In this context, the concept of “sin” makes eminent sense. Sin emerges as the label placed on specific brands and forms of “evil”. In reality, “Sin” itself is predicated on an exaggerated importance of humans in the universe. Thus, it elevates (albeit in a perverse way) the importance of humans in an otherwise meaningless cosmos. With “sin” the human has at least the potential of offending his deity – thereby getting its attention – as opposed to being relegated to the status of a cosmic “roach” (which any advanced alien sentience would regard us).

“Sin” then is localized and reactive behavior at the personal, individual level. “Sin” impinges on and affects the deity that so many believe in. Take away the deity, and sin loses its allure and quickly becomes redundant. How can there be “sin” if there is no deity to offend or to notice “sin”? To tote up all the little “black marks” in its “book of future judgment”.

“The Devil” or “Shaitan” is simply the projection of the most primitive brain imperatives onto the external world. And yes, this imperative (which I will soon get to in more detail in Part II) is capable of mass murder as well as genocides. A supernatural Satan need not be invoked here, only the ancient brain of reptiles – acting collectively – aided and abetted by a newly perverted neocortex, which now does the reptile brain’s bidding, as opposed to attempting to halt it.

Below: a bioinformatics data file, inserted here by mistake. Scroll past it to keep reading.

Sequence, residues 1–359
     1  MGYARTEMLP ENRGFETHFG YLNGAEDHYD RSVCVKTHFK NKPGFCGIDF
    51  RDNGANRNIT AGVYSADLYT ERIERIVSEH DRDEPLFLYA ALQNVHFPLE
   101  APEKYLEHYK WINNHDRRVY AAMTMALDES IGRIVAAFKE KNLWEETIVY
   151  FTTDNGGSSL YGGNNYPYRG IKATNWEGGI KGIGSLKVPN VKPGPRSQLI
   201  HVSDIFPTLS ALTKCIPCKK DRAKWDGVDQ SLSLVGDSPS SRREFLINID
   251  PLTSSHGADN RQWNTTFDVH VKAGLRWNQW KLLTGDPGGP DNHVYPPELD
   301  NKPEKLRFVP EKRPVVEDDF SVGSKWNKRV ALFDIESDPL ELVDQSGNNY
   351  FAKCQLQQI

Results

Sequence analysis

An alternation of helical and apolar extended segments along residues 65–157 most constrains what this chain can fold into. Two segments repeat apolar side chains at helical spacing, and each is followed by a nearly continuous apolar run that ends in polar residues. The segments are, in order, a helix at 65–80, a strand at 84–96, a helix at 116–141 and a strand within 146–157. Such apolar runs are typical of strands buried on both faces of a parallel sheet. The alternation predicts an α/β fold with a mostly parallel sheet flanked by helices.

The more real and present danger inheres in zealots and extremist religionists projecting their Satanic delusions on fellow humans, and thereby demonizing them to convert them into the most debased and vile outcasts. Thus does Pastor Mike refer to atheists as "agents of Satan" and "Satan's disciples" - as if the ability to merely question rigid or uncritical adherence to a faith qualifes as a demonic attribute.

Wednesday, February 13, 2008

Getting to Know the Sun (II)

Sunspots, like weather systems (which, incidentally arise from solar heating effects) are not subject to a high-order accuracy of predictions. Unlike billiard balls and planets, whose positions can be predicted to near perfection - sunspots are large thermodynamic and magnetic systems. To be truthful - solar researchers at this stage are not even sure of the interplay between sunspot magnetism and thermodynamics, far less predicting how they combine to yield flares or other effects (sprays, surges, prominences). The precise role of each of these phenomena to each other is also an ongoing source of contention between solar researchers.[1]